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Where will “home” be after you retire?

           An elderly person's hands open holding a skeleton key with a paper cut out of a house.

Anticipating your future living needs is key to avoiding the stress of a forced move

In his 1970s comedy act, George Carlin famously suggested that “home is where your stuff is.” For you as a Canadian physician, home is much more than that. It’s a haven from demanding work. It’s the base for your family. And it’s the place that helps you put down roots in the broader community.

But the concept of home usually changes when you retire. As with other transitions that occur when you stop working, understanding that change and anticipating it will make your transition to the next chapter of your life less disruptive.

Your concept of home and preferences about where you live evolve in retirement for several reasons:

  • You will likely spend more of each day at home when you stop working.
  • Your new freedom to travel may lead to extended absences from home.
  • You may decide to move closer to family, recreational activities or cultural attractions.
  • You might acquire a second home, perhaps as an escape from Canadian winters.
  • You could find your existing home unsuitable because of health changes.

“You have to recognize what aspects of home are most important to you so you can replicate those things if you need to or want to move,” says Dr. Amy D’Aprix, a gerontologist and life transitions expert based in Toronto. When advising people reaching retirement, she tells them to consider their own values and to apply those values to their concept of home.

Figuring out why you love where you live

“I ask people: Is it the structure that you love? Is it your neighbours?” explains Dr. Amy, as she likes to be called. “Is it that you’re close to amenities and professional services? Do you love the view? Do you love the fact no one’s around you, because you live [somewhere remote]? Or do you love the fact that you live [where] there are people around and you can hop on public transportation?

“What’s the magic formula? The challenge is to get people to be more conscious of these things as they approach retirement.”

Thanks for the memories

Dr. Amy observes that nostalgia can be something of a trap. For example, if you live in the home where you raised your family and your spouse dies, moving can seem like losing that partner all over again. In short, the feelings of comfort and safety we attribute to home are rooted in memories. “That can get people into trouble when they need or want to move,” she adds.

Understanding the triggers

The strong emotions associated with home can be difficult to overcome, but there are things you can do to prepare. Dr. Amy suggests that you start by thinking about the triggers — health or home maintenance issues, for example — that suggest you might need to move. Then, consider the obstacles that might make moving difficult.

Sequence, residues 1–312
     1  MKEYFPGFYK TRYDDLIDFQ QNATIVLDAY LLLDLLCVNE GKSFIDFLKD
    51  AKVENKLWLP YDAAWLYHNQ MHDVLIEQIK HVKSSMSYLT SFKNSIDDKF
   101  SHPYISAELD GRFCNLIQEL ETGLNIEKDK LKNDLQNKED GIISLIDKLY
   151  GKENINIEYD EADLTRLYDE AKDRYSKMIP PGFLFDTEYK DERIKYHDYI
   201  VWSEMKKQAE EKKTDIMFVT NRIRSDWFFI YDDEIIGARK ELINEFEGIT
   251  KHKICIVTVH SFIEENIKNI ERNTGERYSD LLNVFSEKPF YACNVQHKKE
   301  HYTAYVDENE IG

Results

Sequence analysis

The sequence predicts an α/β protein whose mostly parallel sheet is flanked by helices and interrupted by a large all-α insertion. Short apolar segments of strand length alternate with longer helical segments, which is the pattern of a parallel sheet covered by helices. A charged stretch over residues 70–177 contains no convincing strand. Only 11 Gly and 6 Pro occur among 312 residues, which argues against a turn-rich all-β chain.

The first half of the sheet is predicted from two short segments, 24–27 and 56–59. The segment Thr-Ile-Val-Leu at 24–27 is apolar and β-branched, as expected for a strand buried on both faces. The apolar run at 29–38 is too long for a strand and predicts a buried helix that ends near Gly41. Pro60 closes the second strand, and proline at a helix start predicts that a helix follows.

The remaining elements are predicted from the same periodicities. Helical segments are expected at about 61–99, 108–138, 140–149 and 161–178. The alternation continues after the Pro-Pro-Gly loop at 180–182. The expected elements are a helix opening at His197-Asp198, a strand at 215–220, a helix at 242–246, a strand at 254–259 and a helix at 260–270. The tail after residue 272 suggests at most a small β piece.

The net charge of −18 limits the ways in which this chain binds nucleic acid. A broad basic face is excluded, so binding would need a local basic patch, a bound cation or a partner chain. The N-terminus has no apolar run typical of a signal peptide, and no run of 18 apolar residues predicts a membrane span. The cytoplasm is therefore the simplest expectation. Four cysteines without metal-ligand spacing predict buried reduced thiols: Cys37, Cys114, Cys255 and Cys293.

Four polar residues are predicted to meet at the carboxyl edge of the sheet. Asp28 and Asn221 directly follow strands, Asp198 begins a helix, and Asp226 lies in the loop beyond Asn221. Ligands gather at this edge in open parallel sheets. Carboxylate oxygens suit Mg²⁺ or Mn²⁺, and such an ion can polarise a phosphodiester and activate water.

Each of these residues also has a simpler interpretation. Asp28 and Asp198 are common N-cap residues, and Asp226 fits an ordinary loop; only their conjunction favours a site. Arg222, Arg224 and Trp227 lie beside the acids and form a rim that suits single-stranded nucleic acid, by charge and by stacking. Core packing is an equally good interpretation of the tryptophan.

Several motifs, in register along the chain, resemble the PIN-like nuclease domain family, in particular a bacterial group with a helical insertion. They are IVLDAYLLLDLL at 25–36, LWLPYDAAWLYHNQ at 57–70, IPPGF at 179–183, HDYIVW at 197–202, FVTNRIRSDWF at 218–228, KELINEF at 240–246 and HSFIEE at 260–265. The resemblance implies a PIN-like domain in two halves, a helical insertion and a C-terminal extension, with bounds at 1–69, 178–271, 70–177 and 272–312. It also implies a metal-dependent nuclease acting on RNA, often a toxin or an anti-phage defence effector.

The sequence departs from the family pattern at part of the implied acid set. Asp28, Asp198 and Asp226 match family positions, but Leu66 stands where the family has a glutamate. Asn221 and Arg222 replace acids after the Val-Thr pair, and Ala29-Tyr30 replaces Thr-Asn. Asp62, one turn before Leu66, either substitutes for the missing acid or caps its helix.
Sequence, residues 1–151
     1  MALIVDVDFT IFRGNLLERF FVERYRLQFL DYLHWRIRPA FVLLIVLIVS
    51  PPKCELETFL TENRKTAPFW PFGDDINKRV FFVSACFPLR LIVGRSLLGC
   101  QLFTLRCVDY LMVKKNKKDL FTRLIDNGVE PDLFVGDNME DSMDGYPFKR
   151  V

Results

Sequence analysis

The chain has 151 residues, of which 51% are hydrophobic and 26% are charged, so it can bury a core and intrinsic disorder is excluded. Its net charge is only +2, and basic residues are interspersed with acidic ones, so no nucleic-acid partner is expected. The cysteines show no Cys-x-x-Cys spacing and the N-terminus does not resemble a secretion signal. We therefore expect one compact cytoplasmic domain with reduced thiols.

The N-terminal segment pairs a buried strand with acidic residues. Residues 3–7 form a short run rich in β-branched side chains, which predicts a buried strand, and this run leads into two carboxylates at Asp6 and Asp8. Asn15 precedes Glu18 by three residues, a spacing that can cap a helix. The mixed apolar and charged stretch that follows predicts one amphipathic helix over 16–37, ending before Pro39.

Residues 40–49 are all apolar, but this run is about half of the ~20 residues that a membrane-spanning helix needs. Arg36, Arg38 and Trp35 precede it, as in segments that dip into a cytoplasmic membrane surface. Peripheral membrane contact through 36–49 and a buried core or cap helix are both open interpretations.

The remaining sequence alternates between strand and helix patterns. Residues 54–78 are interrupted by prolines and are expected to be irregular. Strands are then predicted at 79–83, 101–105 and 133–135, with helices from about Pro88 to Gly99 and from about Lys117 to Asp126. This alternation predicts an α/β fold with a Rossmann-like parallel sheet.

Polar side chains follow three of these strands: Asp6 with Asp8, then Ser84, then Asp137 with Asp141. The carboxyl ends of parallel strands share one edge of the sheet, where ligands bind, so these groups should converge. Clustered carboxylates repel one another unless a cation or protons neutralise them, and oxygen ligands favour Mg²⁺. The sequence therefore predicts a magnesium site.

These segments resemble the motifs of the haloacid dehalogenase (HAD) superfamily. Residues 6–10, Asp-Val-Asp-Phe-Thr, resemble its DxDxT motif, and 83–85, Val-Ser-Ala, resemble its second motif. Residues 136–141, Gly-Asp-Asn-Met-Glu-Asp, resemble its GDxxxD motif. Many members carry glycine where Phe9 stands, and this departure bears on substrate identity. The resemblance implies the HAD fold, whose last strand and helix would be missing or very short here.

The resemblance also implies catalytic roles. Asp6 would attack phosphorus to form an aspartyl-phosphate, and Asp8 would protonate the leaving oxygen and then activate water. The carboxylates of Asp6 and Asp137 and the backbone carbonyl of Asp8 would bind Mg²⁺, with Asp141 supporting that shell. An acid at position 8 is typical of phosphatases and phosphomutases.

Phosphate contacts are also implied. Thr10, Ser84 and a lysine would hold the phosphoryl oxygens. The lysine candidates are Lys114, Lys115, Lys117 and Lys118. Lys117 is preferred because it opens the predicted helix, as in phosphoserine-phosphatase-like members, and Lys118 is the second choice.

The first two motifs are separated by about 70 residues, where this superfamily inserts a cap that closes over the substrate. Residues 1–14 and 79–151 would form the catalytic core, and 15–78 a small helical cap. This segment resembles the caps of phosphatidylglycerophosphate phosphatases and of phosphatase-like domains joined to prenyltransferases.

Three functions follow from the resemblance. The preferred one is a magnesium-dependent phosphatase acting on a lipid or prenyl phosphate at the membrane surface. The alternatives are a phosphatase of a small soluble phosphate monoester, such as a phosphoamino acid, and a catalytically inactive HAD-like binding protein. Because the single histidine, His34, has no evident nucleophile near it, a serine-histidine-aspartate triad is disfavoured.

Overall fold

“One of the major blocks for some people is getting rid of stuff,” she notes, “and if you’re incapacitated there’s a practical aspect to getting rid of it. Having to rely on other people is a hard change for physicians who’ve always been very independent.”

Losing identity and community

Loss of independence in the management of your home can affect your sense of identity, adds Dr. Amy. “A lot of the aging process is really about letting go of some of that stuff with grace,” she says, “and that requires a constant redefinition of ourselves.”

While these changes are inevitable, she points out that you can mitigate their impact if you anticipate them. That way, you can be confident that circumstances won’t force you to move. “But if you wait until you’re 87 or 88 to make that move, you may not have a chance to re-establish community,” she adds.

As for those people who are obliged to move at a later stage of their life, a retirement home can be a good solution because it provides almost instant community. “You still have to sort through the people that you connect with,” she says, “but you do have people around you.”

Still, re-establishing community can be difficult. Dr. Amy says that a common observation of people who move to a retirement community in their mid- to late 80s is, “I wish I’d come here 10 years ago.”

A personal view

What makes someone’s residence truly a home varies greatly depending on the person. The best way to prepare for a possible transition is through introspection and discussions with family members. That’s how you’ll come to understand what you value most about your current home. Not surprisingly, Dr. Amy has done this herself.

“For me, walkability, knowing my neighbours and having a sense of community are critical. If there were a shift in my health and mobility, I would want to live somewhere where there were people around me. These are all personal considerations that are important to think about before you retire. Too few people do that.”